During a talk in New York on Monday, John Foley, the chief executive of Peloton, did not laugh off the negative reaction to the fitness company’s holiday commercial, a 30-second spot that drew intense criticism and caused Peloton stock to drop 9% in one day. Neither did he apologize or defend it. In fact, Foley did not mention it at all.
During his 40-minute appearance at a Manhattan conference hosted by the financial firm UBS, Foley discussed profitability and international expansion. The closest he got to discussing the commercial — which has been derided as sexist, classist, dystopian and tone deaf — was talking about the high prices of the company’s equipment.
“We have a fun challenge, and we’re going to solve it as marketers, because the reality is that it is an incredible value, and we’re changing lives, and we’re allowing people to get more fit and get more healthy and get those endorphins and be better versions of themselves and all this existential stuff that we’re excited about at the top of Maslow’s hierarchy of needs,” he said, referring to the 1943 theory by psychologist Abraham Maslow.
“But we need to communicate that better,” Foley continued, in what seemed a tacit acknowledgment that the commercial may have hurt the company.
After his session, he refused to answer reporters’ questions about the ad, saying only, “It was in the news last week.”
The broad strokes of the commercial, called “The Gift That Gives Back,” have become cringe canon. A svelte mother, played by actress Monica Ruiz, receives a Peloton stationary bike from her husband for Christmas. She spends the next year filming herself in her luxurious home as she approaches the contraption or pedals like mad, often appearing anxious, perhaps terrified. She turns the footage into a video for her spouse and declares that she “didn’t realize how much this would change me.”
Viewed more than 7 million times on YouTube, the ad drew the wrath of social media and generated a viral parody video by comedian Eva Victor. On Friday, Aviation American Gin, a brand owned in part by “Deadpool” star Ryan Reynolds, released a response ad featuring a deadpan Ruiz as a woman who seeks the consolation of good friends and spirits after having apparently endured a crisis. “Saturday Night Live” made multiple references to the Peloton commercial over the weekend, with “Weekend Update” co-anchor Colin Jost joking, “At least they decided against using the slogan ‘Peloton: You’d better keep it tighter than the babysitter.’”
The intense reaction took the company by surprise. Peloton said in a statement last week that it was “disappointed in how some have misinterpreted this commercial.” Sean Hunter, the actor who played Ruiz’s spouse, told Psychology Today that he was worried about potential repercussions to his career. Ruiz, who declined to comment, put out a statement Saturday, saying she “was shocked and overwhelmed by the attention this week (especially the negative).”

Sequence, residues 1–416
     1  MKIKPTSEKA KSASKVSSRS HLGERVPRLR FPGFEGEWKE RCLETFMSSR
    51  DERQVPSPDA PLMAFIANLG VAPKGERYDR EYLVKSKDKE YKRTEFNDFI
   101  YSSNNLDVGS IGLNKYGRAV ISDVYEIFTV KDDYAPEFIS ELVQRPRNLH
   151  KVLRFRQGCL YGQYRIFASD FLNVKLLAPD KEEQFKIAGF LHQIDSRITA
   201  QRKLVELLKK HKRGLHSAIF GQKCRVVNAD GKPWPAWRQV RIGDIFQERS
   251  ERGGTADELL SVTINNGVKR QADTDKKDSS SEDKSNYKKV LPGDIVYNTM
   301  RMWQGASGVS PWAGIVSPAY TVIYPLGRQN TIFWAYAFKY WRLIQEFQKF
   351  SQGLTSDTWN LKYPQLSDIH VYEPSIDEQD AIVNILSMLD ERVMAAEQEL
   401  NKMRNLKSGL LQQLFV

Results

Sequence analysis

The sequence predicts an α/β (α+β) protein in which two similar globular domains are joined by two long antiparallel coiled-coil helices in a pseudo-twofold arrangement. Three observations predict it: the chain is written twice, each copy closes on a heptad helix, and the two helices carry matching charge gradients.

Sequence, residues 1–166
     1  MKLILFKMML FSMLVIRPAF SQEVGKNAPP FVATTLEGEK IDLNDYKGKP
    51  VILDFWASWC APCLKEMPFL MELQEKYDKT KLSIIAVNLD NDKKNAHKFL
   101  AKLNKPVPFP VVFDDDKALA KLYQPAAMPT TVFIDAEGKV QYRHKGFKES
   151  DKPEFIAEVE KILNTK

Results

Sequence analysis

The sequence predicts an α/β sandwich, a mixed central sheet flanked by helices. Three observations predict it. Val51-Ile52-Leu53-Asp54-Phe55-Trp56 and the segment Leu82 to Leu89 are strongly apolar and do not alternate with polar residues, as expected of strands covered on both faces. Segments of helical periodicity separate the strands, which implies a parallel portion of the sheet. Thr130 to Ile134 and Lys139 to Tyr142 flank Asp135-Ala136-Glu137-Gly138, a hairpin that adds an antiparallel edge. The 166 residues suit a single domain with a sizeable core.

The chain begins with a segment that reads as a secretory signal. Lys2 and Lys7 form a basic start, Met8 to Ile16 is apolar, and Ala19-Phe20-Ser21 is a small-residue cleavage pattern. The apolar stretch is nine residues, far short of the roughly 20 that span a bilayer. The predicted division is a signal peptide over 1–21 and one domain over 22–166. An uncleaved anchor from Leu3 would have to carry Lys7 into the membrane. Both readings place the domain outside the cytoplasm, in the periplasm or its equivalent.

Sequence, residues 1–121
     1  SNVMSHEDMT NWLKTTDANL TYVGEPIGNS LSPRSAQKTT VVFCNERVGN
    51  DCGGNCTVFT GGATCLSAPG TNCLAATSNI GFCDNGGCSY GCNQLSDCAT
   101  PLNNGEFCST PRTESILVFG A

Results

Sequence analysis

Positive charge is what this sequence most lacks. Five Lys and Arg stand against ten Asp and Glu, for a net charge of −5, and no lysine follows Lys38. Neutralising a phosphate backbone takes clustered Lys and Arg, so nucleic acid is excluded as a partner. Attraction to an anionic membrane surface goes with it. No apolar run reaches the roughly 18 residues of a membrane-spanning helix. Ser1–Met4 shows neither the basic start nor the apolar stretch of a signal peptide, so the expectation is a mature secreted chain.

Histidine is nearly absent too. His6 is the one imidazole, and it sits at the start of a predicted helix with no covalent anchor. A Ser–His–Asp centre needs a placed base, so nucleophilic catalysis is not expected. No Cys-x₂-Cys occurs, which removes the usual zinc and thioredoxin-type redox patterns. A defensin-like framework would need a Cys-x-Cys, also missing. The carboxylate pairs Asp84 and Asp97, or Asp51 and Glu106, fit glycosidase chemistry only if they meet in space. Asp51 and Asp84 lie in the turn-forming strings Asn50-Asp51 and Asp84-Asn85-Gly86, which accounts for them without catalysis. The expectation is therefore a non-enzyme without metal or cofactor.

The advertising agency behind “The Gift That Gives Back” is Mekanism, a San Francisco shop that had also created campaigns for Ben & Jerry’s, HBO and Uber. Mekanism did not respond to requests for comment.
The ad was the talk of the Ad Council’s 66th Annual Public Service Award Dinner last week, a black-tie event known in the industry as “ad prom.” Many of the guests said Peloton should have done more to make sure the commercial was interpreted not as a call to lose weight but as an invitation to gain strength.
In an interview on Sunday, Reynolds said he had heard about the Peloton commercial last Tuesday, when his business partner, George Dewey, sent him a 2:34 p.m. text about the backlash. Reynolds and Dewey run Maximum Effort Productions, an entertainment and marketing company that has gained a reputation for advertising stunts, including a mock Twitter war between Reynolds and his fellow superhero-movie star Hugh Jackman.
Reynolds and Dewey decided to respond to the Peloton ad with a promotion of the gin company, knowing they had to work quickly, before the social media furor had died down.
“Ads are generally disposable pieces of content,” Reynolds said. “If you’re going to do something like this, you have to jump on the zeitgeist-y moment as it happens.”
On Wednesday morning, Reynolds and Dewey contacted Ruiz. They shot the gin commercial, called “The Gift That Doesn’t Give Back,” for less than $100,000 in several hours on Friday and released it that night, as Reynolds was boarding a flight to Brazil. In the ad, Ruiz sits at a bar between two friends, gazing blankly ahead, as if stunned or traumatized. An awkward silence follows.
“You’re safe here,” one friend says.
“To new beginnings,” Ruiz responds, before guzzling one gin cocktail and accepting another from her concerned pal.
Reynolds said he had sympathy for Ruiz’s plight as collateral damage in the backlash to the Peloton commercial.
“As an actor, I can certainly relate to creating a piece of content or being part of something that’s not well received, and how alienating that can feel,” he said. “We had immense respect for any reservations she might have had. We don’t want to make the situation any worse for her.”